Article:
Accessing NetWare 5.1 files from a Browser
Novell Cool Solutions: Trench
By Andreas Bach, Gary Stothers, Grey Canada
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Posted: 28 Jun 2001
Version: NetWare 5.1
Our employees wanted access to their files on their server from other office locations or from home (don't we all?).
The requirements for the solution were:
- Low Cost
- NDS eDirectory integrated to simplify administration
- Provided access to our NetWare 5.1 file server's subdirectories
- Matched NetWare file rights if possible for viewing, deleting, etc.
- Easy to use (Browser-based, right?)
- Easy to Implement
- Secure, Encrypted access from anywhere
- Optionally allow uploading as well
- Did I mention inexpensive?
After looking around at solutions based on Virtual Private Networks (VPN), File Transfer Protocol (FTP), and Web Servers (all of which are out there, or we owned already, but don't meet the ease of implementation or cost criteria), I hit upon the idea of letting NetWare 5.1 itself provide the answer.
NetWare 5.1 comes with a web-based Management Portal. As part of that, the engineers at Novell had the brilliance to include a file-access component. To learn more about the NetWare Management Portal, check here in the manual.
To provide easy Browser access to files from inside our network, all I had to do was provide a URL for our users that pointed to the Server, Volume and Subdirectory in the following form:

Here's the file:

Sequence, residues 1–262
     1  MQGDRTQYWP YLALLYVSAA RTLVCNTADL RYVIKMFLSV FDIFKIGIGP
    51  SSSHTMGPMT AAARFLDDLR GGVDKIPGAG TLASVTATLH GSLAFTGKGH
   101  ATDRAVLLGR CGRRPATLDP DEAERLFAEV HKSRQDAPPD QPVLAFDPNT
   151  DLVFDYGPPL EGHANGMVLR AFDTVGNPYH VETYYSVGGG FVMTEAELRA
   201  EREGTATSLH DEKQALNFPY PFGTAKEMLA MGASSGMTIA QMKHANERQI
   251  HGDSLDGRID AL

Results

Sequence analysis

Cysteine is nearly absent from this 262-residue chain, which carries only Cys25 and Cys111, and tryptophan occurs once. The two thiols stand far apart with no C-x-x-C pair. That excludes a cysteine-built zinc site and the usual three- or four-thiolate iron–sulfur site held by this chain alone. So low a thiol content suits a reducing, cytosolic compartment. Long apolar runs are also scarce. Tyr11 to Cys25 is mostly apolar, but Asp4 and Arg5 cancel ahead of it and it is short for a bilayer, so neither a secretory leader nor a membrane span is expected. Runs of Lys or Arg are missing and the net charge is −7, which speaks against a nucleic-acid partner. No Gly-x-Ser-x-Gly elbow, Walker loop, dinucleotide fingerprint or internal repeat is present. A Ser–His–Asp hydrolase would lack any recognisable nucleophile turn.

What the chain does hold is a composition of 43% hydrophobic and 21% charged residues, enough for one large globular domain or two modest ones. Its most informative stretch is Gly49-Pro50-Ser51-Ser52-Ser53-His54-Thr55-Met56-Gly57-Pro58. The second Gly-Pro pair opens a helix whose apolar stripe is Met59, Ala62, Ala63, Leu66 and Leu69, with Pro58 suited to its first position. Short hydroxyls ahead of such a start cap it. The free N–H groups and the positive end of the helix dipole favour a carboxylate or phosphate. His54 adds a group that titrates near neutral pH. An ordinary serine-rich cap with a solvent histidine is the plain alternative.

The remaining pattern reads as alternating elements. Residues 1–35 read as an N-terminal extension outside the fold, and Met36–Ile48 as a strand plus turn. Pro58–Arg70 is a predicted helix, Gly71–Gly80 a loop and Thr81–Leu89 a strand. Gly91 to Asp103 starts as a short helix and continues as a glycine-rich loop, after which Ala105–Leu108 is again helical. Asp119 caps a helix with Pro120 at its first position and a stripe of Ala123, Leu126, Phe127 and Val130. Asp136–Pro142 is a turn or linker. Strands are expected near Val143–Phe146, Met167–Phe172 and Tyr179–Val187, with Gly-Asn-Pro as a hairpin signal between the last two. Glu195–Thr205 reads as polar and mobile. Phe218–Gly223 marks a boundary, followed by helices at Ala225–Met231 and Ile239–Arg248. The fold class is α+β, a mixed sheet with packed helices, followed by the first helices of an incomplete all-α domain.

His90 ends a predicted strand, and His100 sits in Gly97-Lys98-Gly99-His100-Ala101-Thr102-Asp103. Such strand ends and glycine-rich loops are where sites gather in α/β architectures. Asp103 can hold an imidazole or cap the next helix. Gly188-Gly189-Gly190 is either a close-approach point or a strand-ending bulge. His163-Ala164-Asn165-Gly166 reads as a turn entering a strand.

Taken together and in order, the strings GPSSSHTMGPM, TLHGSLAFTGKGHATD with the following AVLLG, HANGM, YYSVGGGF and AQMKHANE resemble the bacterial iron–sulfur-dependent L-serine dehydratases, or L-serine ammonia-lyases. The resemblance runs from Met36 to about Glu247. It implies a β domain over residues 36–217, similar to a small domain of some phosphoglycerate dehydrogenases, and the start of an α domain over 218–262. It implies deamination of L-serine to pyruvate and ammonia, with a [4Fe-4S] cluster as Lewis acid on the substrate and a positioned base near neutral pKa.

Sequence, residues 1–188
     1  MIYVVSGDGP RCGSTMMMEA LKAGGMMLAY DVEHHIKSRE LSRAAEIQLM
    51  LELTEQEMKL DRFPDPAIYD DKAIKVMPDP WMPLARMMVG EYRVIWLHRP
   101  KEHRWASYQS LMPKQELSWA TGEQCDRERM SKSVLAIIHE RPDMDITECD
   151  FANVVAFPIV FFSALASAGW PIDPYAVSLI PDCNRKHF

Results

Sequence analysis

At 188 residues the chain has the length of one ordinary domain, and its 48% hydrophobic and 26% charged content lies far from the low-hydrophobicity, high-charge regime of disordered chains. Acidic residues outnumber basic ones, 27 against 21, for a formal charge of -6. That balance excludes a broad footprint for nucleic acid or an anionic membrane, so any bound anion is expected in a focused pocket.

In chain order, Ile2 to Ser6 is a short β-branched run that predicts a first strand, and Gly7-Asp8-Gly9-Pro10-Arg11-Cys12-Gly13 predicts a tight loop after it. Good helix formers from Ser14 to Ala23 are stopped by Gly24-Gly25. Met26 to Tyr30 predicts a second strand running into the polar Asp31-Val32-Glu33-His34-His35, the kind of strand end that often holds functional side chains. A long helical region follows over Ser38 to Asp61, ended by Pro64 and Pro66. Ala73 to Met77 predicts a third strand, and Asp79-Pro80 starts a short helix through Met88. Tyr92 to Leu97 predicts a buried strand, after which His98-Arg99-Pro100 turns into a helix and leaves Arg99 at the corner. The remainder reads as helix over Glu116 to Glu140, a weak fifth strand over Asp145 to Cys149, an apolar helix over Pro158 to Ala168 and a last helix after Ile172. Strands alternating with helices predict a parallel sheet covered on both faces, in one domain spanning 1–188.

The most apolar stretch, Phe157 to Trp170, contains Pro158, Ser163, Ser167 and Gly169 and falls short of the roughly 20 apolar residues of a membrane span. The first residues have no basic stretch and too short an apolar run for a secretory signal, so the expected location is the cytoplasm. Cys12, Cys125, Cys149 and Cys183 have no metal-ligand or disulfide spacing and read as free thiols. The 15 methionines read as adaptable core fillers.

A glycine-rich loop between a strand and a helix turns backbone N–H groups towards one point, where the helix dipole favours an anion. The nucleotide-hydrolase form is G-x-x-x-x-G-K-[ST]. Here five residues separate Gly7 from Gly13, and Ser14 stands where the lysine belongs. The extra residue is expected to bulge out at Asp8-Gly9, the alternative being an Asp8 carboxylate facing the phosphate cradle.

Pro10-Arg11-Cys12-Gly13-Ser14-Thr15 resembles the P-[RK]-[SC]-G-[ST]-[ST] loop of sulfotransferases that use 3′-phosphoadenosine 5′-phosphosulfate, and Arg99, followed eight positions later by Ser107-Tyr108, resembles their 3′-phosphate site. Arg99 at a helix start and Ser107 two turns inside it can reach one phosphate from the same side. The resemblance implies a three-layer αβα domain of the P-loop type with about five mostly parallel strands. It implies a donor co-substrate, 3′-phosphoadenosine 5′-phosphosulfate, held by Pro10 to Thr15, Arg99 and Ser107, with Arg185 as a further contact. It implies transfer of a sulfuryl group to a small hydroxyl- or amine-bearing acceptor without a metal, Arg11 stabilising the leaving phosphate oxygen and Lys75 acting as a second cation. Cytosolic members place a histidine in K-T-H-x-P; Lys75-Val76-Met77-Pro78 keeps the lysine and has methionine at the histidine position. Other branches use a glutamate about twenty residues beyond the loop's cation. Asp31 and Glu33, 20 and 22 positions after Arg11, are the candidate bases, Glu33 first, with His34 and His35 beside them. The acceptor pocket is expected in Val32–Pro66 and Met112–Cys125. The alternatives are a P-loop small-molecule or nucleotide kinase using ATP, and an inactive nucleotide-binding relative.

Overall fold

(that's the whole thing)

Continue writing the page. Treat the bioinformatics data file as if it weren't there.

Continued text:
This does not involve any web servers since port 8008 is the default for the HTTP stack in the NetWare 5.1 Management Portal.
This would take the users directly to the server/volume/subdirectory specified and would ask them to login using their NDS ID and password. The user would need to enter their full-context NDS ID, but could be able to get away with only their short Login ID depending on such factors as being defined in the same container as the server, bindery context etc. The NetWare Management Portal would then grant access to files as appropriate based on the usual NetWare file rights and build HTML pages listing the directory contents. The users couldn't see anything they don't normally have rights to while in the office. The portal even provides an upload button automatically if "write" rights exist in a directory, and has a feature to search text files.
This took all of about 30 minutes to set up and it was "mission accomplished!" for everything except the "Secure, Encrypted access from anywhere" part, but hey it's a great start!
The rest of this article describes how to make this easier to use, handles setting up the Secure Socket Layer (SSL) Encryption for outside access, and using our BorderManager firewall to further increase security.